Corporate Commercial WRES Alert 23 April 1900 x500

Unfair Contract Terms regime crosses over into Fair Work jurisdiction

Mandi Xu, Jacqueline Vuong and Anthony Coorey

The Fair Work Legislation Amendment (Closing Loopholes No. 2) Act 2024 (Closing Loopholes No. 2 Act) commenced on 27 February 2024 introducing a suite of significant workplace relations reforms. Please see our previous WRES alert on the key reforms introduced by the Act here.

These legislative reforms go beyond changing the laws governing employment relationships. For example, the Act provides a major shake up to Australia’s unfair contract regime as it opens up a new avenue for independent contractors to challenge the terms of their contracts.

New 'unfair contract' Fair Work jurisdiction

Under the Closing Loopholes No. 2 Act from 26 August 2024 (or a date by proclamation), the Fair Work Commission will have a new unfair contracts jurisdiction, which allows independent contractors earning below a ‘high income threshold’ to raise disputes with their principals in regarding the terms of their services contract.

The new contractor ‘high income threshold’ will be prescribed by the Fair Work regulations.

If the Commission is satisfied that one or more unfair contract terms exist in a services contract, an order may be made to either:

• set aside all or part of a services contract; or

• amend or vary all of part of a services contract.

The framework used by the Commission to determine if a term in a services contract is unfair includes considerations of:

• the relative bargaining power of the parties and whether the contract displays a significant power imbalance between each party’s rights and obligations;

• whether the term is reasonably necessary to protect the legitimate interests of a party;

• whether the term imposes a harsh, unjust, or unreasonable requirement on a party;

• whether the services contract as a whole provides for total renumeration that is less than what employees performing the same or similar work would receive, or less than what regulated workers performing the same or similar work would receive under a minimum standards order or guidelines; and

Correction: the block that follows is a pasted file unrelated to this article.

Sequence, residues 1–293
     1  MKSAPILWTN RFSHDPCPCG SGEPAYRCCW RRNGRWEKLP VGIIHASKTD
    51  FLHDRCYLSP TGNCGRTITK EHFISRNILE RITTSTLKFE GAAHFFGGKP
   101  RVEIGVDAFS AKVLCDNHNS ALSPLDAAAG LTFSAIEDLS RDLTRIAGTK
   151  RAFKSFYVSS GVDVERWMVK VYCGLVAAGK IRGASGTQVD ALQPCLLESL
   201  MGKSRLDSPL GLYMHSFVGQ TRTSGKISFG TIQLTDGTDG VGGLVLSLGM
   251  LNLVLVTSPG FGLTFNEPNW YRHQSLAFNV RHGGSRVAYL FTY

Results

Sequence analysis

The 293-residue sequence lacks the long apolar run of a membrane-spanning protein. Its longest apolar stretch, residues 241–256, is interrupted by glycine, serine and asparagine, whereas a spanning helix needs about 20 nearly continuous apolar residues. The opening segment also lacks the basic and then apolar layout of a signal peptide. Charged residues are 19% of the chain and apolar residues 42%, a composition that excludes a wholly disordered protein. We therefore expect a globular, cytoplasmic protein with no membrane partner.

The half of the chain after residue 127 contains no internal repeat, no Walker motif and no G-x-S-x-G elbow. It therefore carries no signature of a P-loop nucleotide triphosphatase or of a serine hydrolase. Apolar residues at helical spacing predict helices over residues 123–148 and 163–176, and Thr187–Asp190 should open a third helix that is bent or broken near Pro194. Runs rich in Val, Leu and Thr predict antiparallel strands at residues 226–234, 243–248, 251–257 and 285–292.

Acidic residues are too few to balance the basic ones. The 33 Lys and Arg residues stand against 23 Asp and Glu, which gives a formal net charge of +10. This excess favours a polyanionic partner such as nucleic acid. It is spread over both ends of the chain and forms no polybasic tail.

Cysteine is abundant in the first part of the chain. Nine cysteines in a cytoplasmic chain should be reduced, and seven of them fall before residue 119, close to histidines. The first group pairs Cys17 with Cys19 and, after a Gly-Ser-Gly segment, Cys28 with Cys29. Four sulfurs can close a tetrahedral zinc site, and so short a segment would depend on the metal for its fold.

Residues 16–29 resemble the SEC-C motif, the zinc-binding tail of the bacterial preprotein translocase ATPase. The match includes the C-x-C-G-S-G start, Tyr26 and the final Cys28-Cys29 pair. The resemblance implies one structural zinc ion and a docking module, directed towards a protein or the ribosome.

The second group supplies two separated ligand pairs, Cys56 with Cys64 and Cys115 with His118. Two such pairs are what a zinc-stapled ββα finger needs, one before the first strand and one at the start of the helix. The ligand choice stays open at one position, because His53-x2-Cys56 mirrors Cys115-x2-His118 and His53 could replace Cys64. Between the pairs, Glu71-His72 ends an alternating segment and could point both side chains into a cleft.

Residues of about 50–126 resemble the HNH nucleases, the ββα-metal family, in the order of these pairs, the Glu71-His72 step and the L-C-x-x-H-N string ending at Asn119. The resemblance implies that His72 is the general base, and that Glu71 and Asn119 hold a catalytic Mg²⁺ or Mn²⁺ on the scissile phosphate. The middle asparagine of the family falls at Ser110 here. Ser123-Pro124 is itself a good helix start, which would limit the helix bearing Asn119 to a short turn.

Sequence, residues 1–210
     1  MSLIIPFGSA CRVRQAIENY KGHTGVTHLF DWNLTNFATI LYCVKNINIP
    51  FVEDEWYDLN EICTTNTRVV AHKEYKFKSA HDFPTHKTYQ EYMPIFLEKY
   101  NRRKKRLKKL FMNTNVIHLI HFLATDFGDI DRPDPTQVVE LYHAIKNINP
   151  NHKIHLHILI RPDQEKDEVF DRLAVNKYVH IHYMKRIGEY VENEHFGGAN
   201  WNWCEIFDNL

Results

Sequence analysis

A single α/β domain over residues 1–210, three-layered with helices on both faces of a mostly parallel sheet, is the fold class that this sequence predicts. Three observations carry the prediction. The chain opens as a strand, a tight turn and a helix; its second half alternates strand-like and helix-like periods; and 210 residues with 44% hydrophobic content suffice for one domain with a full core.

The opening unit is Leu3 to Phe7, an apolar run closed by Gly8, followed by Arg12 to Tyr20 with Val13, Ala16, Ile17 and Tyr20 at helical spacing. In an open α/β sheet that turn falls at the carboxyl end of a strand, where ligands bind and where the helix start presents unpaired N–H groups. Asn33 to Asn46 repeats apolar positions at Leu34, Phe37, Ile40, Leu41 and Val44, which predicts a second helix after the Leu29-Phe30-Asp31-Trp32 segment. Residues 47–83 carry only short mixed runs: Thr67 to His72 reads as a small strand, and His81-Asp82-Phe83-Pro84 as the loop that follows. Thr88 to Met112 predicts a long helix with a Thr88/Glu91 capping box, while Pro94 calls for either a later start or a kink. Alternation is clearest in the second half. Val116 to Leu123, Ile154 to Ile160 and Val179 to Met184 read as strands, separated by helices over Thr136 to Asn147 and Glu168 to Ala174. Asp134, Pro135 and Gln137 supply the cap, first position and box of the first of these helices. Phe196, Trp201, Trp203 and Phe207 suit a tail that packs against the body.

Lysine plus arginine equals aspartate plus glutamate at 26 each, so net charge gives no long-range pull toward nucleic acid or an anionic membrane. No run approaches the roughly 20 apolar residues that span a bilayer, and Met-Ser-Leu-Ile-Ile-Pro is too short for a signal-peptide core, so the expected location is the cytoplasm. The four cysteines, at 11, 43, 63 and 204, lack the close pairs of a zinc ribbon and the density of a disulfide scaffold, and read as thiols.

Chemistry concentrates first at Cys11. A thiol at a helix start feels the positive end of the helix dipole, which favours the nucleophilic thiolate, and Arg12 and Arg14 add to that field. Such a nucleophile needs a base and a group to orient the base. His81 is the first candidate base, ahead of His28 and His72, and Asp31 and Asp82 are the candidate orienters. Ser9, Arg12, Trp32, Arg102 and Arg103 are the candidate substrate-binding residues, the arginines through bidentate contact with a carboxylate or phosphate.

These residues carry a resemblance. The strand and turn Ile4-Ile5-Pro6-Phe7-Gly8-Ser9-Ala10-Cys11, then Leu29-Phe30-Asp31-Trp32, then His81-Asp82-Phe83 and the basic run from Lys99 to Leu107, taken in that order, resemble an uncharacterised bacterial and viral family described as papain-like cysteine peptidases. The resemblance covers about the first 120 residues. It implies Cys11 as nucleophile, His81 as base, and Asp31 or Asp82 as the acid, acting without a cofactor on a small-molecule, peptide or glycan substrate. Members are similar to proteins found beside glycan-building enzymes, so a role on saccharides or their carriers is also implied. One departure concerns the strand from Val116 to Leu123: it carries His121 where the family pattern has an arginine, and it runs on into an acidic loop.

• any other matters the Commission considers relevant.

Existing unfair contract regime under the ACL

All independent contractors who fall within the definition of a consumer or a “small business” and who are a party to a ‘standard form contract’ will continue to have access to the existing ‘unfair contract’ regime under the Australian Consumer Law and the Australian Securities and Investments Commission Act 2001 (Cth), including to make a complaint to the ACCC (or their state/territory consumer production agency) or commence legal proceedings in the relevant court.


What this means for businesses

Citing the objective of generating a ‘quick, flexible and informal’ procedure for dealing with unfair contract terms, the Federal Government’s decision to give the Fair Work Commission new powers to resolve ‘unfair contract’ disputes between principals and independent contractors earning below the high-income threshold may lead to more litigation in this area.

For businesses, it is essential that your services contracts with independent contractors are reviewed periodically and amended where necessary to mitigate the risk of ‘unfair contract’ disputes.

These amendments introduce an additional risk factor for businesses, complementing the changes to the unfair contract terms regime that commenced on 9 November 2023, which broadened the definition of ‘small business’ and increased civil penalties for non-compliance. More information on the recent changes to Australia’s unfair contract terms regime are available to read about here.

If you are unsure of whether your services contracts contain unfair contract terms, now is the opportune time to undertake a legal review of those contracts and seek advice.


How can we help

For advice regarding how these changes may affect your business, please contact a member from our our Corporate & Commercial team or Workplace Relations, Employment and Safety team.

If you would like to stay up-to-date with Alerts and Insights from Russell Kennedy, you can subscribe to our mailing list here.

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